[Updated] Faced with an approval deadline of July 16 which if missed would have surrendered the chance for a series of $50,000 payments to the City from ArtCenter College of Design, the Pasadena City Council on Monday adopted formal policy on a new revenue tool for negotiating payments “in lieu of taxes” from tax-exempt nonprofits.
As a result, these payments, known as PILOTs, can now be arranged with nonprofits by the City Manager if the nonprofit wants to expand and proposes a Master Plan and related Development Agreement with the City.
“Nonprofit entities like ArtCenter, Caltech and others don’t pay property taxes in the city, but they receive all the city benefits of services that tax-paying entities pay. I don’t think it’s unreasonable of us to consider them making some form of in lieu payment,” Councilmember Margaret McAustin explained last week, prior to the vote.
Nonprofits would not be required to enter into Development Agreements but institutions sometimes seek them because the Agreements allow the institution to protect entitlements by guaranteeing City regulations that apply to the project will not change during the term of the agreement.
“I do think there is an equity issue,” said Councilmember Victor Gordo. “Residents are required to pick up the costs of existing services and the cost of additional services. I think it’s unfair to expect residence to pick up the costs of those services. I think picking them up in a Development Agreement is a good start.”
A PILOT can only be negotiated when a nonprofit developer requests a Development Agreement.
In the city’s history only seven Development Agreements have been established. Three of those were with nonprofits: Fuller Seminary, the Norton Simon Museum and the ArtCenter.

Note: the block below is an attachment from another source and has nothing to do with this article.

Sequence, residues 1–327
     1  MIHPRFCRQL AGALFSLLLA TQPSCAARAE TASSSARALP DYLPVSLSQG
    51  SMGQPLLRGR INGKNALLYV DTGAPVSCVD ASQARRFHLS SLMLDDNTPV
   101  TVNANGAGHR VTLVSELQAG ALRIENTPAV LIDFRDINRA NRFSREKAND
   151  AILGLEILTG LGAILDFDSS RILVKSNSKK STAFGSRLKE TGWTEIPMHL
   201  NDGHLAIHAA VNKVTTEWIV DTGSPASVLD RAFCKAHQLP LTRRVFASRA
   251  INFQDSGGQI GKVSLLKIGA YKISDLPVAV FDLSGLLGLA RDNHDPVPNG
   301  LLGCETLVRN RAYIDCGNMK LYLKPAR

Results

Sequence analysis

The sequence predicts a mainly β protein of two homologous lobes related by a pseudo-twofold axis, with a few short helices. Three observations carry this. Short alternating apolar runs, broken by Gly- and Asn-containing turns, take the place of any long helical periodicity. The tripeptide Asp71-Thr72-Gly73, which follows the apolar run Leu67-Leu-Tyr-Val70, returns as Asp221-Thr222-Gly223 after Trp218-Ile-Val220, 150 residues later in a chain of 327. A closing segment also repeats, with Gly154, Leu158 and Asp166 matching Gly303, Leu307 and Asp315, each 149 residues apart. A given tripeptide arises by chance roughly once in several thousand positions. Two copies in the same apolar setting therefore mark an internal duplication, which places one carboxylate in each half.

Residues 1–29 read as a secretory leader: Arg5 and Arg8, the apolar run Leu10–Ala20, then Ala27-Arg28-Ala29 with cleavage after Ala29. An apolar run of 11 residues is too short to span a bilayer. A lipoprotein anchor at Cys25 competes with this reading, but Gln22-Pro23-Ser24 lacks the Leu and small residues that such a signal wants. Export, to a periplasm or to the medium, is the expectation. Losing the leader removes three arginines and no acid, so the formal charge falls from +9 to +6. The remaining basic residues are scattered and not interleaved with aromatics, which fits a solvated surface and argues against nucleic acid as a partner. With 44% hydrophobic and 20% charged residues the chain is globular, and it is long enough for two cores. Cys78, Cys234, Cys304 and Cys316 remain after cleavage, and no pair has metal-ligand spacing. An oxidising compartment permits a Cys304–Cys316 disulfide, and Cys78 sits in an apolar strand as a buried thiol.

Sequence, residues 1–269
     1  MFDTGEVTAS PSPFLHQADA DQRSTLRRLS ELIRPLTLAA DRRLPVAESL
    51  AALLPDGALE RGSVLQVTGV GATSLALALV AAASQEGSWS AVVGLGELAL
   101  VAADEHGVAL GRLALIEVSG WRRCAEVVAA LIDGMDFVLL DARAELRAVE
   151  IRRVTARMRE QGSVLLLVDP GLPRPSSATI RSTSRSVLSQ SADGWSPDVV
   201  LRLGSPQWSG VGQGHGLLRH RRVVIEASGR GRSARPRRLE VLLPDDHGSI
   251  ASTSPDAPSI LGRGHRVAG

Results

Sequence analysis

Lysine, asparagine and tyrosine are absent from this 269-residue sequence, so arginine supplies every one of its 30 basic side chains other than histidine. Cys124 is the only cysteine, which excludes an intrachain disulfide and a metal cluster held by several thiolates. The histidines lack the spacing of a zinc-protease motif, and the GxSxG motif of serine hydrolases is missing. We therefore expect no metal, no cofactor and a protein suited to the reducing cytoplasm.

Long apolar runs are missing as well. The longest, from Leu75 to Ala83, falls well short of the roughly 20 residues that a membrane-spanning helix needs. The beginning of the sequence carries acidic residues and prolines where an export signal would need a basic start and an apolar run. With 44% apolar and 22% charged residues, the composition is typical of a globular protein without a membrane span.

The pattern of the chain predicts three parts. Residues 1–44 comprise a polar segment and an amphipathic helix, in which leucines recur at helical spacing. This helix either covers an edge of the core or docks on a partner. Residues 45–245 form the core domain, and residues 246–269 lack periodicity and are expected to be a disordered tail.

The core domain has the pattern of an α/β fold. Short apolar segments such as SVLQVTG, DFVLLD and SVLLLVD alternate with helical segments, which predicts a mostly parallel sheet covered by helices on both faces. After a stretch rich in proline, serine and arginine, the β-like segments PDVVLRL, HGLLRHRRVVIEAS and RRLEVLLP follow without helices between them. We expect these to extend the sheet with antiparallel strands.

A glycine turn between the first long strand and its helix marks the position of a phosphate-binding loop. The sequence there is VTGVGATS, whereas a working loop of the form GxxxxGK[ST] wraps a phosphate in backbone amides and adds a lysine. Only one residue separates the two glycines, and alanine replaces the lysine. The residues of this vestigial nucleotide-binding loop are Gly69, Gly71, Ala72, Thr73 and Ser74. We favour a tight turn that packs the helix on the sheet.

City Manager Steve Mermell said he would not go back and try to negotiate payments with the Norton Simon Museum or Fuller Seminary.
Last year the ArtCenter signed a Development Agreement that requires the school to pay the city $50,000 annually upon the issuance of a Certificate of Occupancy for the first of four new buildings approved as part of its Master Plan.
The Development Agreement requires an additional $50,000 per year at the issuance of each Certificate of Occupancy, for a total of $200,000 per year if ArtCenter builds out its Master Plan.
The new policy was opposed by Councilmembers Gene Masuda and Steve Madison.
Madison said he could not find any city in California using that adopted a PILOT program.
“I have concerns about this,” Madison said. “This is not what we agreed to do a year ago. What we agreed to do was come up with a policy that would shed some light when and how and on what basis we would impose these payments. This is dangerous because it gives so much discretion to impose taxes on institutions that are legally exempt from taxes.”
The City Council ordered City Staff to return in September with more details about the policy.